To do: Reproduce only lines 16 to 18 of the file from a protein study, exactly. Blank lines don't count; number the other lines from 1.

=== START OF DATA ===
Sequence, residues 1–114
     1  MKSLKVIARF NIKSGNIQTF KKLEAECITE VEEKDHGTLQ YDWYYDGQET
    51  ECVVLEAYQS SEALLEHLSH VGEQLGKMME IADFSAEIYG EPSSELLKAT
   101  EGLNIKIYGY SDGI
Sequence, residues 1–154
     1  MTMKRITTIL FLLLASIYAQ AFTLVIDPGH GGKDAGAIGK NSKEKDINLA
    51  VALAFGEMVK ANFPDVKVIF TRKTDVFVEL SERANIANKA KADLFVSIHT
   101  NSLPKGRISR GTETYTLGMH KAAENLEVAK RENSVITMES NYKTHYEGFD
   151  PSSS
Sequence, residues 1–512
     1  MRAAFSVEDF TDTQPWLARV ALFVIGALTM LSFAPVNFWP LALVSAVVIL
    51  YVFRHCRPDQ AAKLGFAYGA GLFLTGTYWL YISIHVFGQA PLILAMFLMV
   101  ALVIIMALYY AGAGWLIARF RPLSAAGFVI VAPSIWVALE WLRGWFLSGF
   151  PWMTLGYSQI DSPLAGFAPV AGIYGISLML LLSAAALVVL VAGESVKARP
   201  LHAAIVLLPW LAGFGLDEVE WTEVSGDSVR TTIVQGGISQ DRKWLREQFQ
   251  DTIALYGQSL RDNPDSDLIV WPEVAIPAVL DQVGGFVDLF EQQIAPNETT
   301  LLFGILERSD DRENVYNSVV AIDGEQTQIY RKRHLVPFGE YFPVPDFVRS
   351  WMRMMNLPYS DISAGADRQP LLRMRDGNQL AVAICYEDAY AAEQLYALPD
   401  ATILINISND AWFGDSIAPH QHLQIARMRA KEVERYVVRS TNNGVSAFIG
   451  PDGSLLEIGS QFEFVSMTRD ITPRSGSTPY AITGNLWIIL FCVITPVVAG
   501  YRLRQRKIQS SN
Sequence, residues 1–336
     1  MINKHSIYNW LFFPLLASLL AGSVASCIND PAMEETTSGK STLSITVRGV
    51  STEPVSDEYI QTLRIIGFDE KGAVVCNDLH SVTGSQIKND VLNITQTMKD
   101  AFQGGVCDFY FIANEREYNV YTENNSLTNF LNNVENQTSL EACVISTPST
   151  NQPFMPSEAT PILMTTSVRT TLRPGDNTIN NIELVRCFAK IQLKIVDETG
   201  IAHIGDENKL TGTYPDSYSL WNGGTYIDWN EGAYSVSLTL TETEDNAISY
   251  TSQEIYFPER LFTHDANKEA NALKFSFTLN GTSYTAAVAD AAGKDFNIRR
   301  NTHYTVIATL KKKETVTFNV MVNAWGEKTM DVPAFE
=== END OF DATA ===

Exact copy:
   251  DTIALYGQSL RDNPDSDLIV WPEVAIPAVL DQVGGFVDLF EQQIAPNETT
   301  LLFGILERSD DRENVYNSVV AIDGEQTQIY RKRHLVPFGE YFPVPDFVRS
   351  WMRMMNLPYS DISAGADRQP LLRMRDGNQL AVAICYEDAY AAEQLYALPD